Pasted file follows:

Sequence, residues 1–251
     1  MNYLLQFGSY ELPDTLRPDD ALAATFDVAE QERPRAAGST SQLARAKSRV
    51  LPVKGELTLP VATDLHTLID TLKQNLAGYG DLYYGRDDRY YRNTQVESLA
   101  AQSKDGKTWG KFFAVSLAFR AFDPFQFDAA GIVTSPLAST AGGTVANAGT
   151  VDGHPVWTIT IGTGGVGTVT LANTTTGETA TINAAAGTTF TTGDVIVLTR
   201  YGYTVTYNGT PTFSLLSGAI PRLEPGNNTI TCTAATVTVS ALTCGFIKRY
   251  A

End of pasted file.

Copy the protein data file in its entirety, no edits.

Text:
Sequence, residues 1–251
     1  MNYLLQFGSY ELPDTLRPDD ALAATFDVAE QERPRAAGST SQLARAKSRV
    51  LPVKGELTLP VATDLHTLID TLKQNLAGYG DLYYGRDDRY YRNTQVESLA
   101  AQSKDGKTWG KFFAVSLAFR AFDPFQFDAA GIVTSPLAST AGGTVANAGT
   151  VDGHPVWTIT IGTGGVGTVT LANTTTGETA TINAAAGTTF TTGDVIVLTR
   201  YGYTVTYNGT PTFSLLSGAI PRLEPGNNTI TCTAATVTVS ALTCGFIKRY
   251  A